Figure 4. Clinical imaging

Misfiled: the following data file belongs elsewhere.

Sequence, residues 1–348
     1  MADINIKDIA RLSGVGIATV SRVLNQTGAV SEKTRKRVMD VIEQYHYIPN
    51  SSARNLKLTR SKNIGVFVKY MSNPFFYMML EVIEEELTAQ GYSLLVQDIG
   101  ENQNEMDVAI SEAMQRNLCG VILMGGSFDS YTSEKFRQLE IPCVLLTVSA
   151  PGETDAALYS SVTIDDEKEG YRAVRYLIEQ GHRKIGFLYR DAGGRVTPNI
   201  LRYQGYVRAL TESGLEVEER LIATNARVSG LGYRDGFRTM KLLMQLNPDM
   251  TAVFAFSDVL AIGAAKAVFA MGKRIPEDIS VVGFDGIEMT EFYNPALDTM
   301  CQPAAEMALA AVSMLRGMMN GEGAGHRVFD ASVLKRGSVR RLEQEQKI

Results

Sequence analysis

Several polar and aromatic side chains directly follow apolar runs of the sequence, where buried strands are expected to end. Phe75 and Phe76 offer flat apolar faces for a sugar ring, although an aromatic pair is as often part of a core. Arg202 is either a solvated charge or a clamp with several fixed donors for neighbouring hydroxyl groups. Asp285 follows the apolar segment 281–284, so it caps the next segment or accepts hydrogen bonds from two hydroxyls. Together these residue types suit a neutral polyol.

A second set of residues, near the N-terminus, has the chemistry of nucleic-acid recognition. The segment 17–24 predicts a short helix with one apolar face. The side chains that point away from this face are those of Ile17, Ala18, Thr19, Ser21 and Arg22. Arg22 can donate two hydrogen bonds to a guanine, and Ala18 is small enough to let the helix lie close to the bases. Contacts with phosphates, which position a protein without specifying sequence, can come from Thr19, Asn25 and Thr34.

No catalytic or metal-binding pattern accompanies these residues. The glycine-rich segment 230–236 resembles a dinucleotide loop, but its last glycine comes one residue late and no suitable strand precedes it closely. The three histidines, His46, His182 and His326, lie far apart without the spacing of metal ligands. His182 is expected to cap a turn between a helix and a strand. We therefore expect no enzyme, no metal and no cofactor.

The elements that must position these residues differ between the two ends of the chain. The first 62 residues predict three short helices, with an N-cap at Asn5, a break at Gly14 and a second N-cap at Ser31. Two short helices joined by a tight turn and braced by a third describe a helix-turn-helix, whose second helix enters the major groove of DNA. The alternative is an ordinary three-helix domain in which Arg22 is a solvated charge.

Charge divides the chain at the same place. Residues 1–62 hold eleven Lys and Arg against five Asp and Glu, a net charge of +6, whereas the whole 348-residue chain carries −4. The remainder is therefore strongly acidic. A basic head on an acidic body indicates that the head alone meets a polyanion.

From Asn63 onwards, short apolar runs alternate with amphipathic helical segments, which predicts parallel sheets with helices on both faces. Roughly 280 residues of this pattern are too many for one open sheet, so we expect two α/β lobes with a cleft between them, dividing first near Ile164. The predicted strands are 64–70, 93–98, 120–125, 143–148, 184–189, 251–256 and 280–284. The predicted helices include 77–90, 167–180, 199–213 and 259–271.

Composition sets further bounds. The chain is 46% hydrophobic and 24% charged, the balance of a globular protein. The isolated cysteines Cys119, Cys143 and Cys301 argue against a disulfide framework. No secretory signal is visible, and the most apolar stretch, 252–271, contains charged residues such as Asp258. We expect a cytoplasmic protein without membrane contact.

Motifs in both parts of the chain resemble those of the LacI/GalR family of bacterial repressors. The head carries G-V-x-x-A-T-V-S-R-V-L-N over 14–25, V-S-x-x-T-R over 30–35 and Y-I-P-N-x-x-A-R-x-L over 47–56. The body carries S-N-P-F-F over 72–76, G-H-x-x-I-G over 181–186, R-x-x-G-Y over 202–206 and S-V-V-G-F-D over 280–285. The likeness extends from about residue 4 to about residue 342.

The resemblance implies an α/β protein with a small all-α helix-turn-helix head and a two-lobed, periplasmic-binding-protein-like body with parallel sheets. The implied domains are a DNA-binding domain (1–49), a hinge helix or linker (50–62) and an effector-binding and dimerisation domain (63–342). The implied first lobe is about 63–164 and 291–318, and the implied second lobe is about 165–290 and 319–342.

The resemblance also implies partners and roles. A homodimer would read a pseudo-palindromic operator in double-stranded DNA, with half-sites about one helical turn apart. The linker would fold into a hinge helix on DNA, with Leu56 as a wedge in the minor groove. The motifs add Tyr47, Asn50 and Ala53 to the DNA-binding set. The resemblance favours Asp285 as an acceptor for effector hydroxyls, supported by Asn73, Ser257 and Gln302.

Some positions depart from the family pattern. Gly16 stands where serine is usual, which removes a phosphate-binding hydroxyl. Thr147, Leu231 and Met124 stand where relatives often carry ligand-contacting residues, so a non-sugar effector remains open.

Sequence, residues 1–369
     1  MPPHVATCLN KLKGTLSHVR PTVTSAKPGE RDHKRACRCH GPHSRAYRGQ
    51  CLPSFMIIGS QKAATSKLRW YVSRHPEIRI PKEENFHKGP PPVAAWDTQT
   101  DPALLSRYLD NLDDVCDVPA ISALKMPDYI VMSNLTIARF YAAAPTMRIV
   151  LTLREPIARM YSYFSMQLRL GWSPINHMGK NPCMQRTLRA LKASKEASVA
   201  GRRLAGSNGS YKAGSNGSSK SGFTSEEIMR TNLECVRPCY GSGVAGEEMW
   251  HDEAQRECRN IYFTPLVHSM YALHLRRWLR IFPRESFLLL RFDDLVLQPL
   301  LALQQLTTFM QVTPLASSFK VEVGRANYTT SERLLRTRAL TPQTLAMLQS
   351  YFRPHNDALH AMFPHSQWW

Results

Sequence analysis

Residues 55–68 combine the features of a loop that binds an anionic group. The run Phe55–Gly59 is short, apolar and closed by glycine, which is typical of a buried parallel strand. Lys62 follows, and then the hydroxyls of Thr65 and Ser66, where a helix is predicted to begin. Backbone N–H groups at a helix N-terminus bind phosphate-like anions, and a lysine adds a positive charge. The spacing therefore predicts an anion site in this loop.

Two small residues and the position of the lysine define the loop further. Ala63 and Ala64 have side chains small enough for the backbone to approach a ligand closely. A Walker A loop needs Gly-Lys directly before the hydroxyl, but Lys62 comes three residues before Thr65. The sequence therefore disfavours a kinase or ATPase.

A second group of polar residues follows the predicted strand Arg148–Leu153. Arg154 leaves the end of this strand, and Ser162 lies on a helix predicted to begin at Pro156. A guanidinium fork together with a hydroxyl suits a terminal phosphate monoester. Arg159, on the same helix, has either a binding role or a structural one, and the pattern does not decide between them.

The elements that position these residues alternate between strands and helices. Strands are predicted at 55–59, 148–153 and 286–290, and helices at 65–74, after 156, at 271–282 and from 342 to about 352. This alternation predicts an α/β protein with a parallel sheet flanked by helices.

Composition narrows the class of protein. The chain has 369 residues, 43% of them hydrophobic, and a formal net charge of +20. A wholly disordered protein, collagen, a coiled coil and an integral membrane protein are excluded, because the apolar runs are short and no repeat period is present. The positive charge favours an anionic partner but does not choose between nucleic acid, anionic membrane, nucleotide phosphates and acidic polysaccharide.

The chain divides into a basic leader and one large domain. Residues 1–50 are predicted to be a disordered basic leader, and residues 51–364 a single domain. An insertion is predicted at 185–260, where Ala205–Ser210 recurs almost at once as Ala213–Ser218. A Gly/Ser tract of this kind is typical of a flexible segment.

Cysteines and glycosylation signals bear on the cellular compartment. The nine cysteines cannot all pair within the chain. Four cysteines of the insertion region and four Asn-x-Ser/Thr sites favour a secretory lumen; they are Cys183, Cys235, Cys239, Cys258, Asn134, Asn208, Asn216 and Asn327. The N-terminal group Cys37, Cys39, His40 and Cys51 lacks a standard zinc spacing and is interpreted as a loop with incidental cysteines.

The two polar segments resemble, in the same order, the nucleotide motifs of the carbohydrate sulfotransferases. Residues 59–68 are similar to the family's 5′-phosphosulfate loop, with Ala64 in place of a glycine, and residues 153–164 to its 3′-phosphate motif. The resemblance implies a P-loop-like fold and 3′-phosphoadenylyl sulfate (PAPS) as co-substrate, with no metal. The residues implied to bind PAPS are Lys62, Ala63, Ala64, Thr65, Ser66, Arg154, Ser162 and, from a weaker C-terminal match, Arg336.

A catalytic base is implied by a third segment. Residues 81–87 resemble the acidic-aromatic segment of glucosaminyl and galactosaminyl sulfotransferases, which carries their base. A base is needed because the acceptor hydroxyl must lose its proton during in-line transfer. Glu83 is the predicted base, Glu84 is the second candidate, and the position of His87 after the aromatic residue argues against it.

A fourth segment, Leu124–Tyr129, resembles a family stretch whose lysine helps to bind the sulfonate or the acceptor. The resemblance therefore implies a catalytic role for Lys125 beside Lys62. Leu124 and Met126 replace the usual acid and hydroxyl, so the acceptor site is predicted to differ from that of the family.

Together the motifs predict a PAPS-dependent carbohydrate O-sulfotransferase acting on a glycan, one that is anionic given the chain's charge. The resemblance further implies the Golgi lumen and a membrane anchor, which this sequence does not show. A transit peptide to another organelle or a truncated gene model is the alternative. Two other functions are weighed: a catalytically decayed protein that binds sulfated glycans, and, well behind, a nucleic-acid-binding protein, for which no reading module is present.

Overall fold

With a common computing platform, data obtained by different imaging techniques can be seamlessly assembled (and fused) for the screening, detection, characterization (in vivo pathology) and real-time treatment of early-stage cancers. In the example shown, a multislice CT image of the abdomen is acquired, and the slices are assembled in three dimensions. A suspicious colonic lesion is identified (at the intersection of the dashed lines) and reconstructed in three dimensions to reveal a polyp-like growth (arrow). Post-processing algorithms that explore differences in tissue and air-barium attenuation (insets) can be used to suggest, but not confirm, the presence of a malignancy. Near-infrared endoscopy using protease beacons then allows the detection of small and otherwise difficult-to-identify lesions. The bright signal in the near-infrared fluorescence channel indicates large amounts of proteases in a tumour (lower right) but not in a normal colon (upper right). White-light views of the same images are shown on the left. Microendoscopy shows a malignant signature in vivo, which can be used to make treatment decisions on the spot in real time. The microscopy image shows a polyp-like lesion, which contains mucosal cells (green), proteases (red) and new microvasculature (blue). Real-time local treatment can be achieved by lesion removal or light-activated therapy. 3D, three-dimensional.